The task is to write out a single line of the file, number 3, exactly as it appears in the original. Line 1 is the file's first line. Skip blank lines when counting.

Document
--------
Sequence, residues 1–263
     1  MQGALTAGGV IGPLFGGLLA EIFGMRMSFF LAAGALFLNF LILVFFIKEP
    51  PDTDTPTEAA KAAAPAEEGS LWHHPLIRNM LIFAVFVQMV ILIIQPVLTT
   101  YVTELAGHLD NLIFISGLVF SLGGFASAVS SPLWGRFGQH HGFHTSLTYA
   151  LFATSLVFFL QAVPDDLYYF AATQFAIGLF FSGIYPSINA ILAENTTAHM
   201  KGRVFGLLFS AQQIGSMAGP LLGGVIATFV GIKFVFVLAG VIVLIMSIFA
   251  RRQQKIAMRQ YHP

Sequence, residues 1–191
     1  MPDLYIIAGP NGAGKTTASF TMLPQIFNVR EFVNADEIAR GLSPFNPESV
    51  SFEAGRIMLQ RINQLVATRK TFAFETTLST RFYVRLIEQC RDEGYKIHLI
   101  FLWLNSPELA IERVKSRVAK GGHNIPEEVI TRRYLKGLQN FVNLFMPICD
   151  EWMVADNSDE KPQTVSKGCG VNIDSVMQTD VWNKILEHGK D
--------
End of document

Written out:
    51  PDTDTPTEAA KAAAPAEEGS LWHHPLIRNM LIFAVFVQMV ILIIQPVLTT